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This was Vienna in the 2010s

The 2010s have left their mark. And what a mark: Vienna is lively, creative and young. Vienna has consistently expanded its role as a Central European hub in the past decade. New museums, train stations, and subway lines have sprung up, as well as whole bunch of contemporary architecture and a diverse gastro scene. What the 2010s also were: a decade of major international events and of special records and awards. People danced, partied, and sweated. A look back over an extremely busy decade.

Livable city: A monopoly on the number one

Vienna achieved something in the 2010s that no other city in the world has done before, and probably won't do so again in a hurry either: In every year of the decade now coming to a close, Vienna was voted the most livable city on the planet in the Quality of Living ranking Mercer. It is a series of victories that nobody could have predicted. Consequently, the bar for the 2020s is set very high. Yet given the developments of recent years, we are confident of being able to maintain the level in matters pertaining to the quality of life. In any case, we're mighty proud.

Picasso, Bruegel and company: The decade of the luminaries of art

What began in 2010 with Frida Kahlo at the Bank Austria Kunstforum, ended in 2019 with major exhibitions on Albrecht Dürer at the Albertina and Caravaggio & Bernini at the Kunsthistorisches Museum Vienna. The 2010s were the decade of the big blockbusters with international appeal. Visitors to the great exhibition houses occasionally had to stand in line for ages. The list is a more than impressive read: Picasso's works were on display, as were those of Bruegel, Rubens, Michelangelo, Raffael, and Lucian Freud.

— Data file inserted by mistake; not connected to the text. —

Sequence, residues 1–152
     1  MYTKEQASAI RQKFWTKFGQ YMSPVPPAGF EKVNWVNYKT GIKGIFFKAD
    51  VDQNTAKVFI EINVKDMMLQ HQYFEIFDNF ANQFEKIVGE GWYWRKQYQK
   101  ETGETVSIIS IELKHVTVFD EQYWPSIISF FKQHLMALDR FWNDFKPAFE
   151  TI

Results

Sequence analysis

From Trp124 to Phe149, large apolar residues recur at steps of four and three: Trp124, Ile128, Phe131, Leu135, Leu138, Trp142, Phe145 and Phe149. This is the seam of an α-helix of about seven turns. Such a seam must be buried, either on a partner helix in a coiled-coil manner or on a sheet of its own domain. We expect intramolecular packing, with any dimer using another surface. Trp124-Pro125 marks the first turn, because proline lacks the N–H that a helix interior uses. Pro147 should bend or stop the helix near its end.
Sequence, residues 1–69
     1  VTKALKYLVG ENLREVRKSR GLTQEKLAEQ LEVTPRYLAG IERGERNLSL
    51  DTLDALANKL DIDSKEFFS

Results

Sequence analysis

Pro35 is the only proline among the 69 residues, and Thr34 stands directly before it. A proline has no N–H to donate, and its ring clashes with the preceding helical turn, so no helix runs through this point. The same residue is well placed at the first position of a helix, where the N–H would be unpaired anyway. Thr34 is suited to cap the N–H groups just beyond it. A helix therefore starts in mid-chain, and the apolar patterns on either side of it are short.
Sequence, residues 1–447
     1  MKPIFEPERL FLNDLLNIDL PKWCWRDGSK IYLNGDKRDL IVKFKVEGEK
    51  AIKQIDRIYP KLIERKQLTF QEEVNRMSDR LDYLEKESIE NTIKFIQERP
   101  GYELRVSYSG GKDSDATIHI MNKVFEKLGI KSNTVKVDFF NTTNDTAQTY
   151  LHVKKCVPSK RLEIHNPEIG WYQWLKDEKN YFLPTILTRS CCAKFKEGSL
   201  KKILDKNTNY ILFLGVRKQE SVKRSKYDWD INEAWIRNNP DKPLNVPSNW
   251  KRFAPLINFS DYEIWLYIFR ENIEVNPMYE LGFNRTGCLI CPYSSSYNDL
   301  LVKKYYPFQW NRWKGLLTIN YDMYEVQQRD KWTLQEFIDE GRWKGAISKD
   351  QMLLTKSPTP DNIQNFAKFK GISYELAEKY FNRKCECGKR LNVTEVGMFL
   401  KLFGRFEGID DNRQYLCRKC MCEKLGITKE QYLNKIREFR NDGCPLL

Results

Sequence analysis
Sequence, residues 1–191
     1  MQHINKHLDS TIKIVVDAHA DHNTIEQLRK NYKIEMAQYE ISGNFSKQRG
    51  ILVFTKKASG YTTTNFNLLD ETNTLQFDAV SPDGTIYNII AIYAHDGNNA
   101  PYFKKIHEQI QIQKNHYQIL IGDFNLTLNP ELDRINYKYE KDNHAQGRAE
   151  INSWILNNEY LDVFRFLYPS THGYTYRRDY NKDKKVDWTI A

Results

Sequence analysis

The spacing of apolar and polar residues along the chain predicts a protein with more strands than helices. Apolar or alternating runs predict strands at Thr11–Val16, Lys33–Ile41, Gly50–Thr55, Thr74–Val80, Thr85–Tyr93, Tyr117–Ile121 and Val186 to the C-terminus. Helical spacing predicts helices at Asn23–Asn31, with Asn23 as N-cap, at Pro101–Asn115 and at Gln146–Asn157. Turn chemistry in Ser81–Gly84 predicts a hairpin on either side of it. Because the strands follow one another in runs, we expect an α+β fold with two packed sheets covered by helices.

From Song Contest to EuroPride: The decade of big events

Conchita Wurst's sparkling Eurovision Song Contest victory in 2014 is to thank for the 2015 Eurovision Song Contest being held in Vienna. Vienna hadn't been as colorful and relaxed as it was in May 2015 for a very long time. Memories of an event staged to perfection weren't the only thing that remained. The Viennese traffic light couples installed for the ESC called for more tolerance in the public domain and brought their message to the world. In the same way, EuroPride in 2019 once again presented Vienna as an open and outgoing city.

Sport also had a firm grip on Vienna: The world's biggest event for Jewish athletes, the Makkabi Games, were for the first time held in a country that had been part of the German Reich during the Nazi period. In the same year, the IFAF World Championship of American Football was held in Vienna. In 2017, Vienna was the venue for the FIVB Beach Volleyball World Championships. And in 2019, Eliud Kipchoge became the first athlete to run a marathon in under two hours in the Prater, Vienna.

Art, culture and curiosities: Vienna's museums on the change

There were also a whole bunch of impulses for Vienna's exhibition and museum landscape. The exhibits of the Kunstkammer Vienna at the Kunsthistorisches Museum Vienna have been open to the public again since 2013. The 21er Haus became Belvedere 21. Also new or remodeled are the Weltmuseum Wien (World Museum Vienna), the House of Austrian History, the Liechtenstein City Palace, the Brotfabrik (Bread Factory) in the 10th district, the Viktor Frankl Museum, the Augarten Porcelain Museum, the Klimt Villa, the Remise – Wiener Linien Transport Museum, the Literature Museum of the National Library and the Funeral Museum, which relocated to the Central Cemetery.

Totally renewed city: Really big train station for Vienna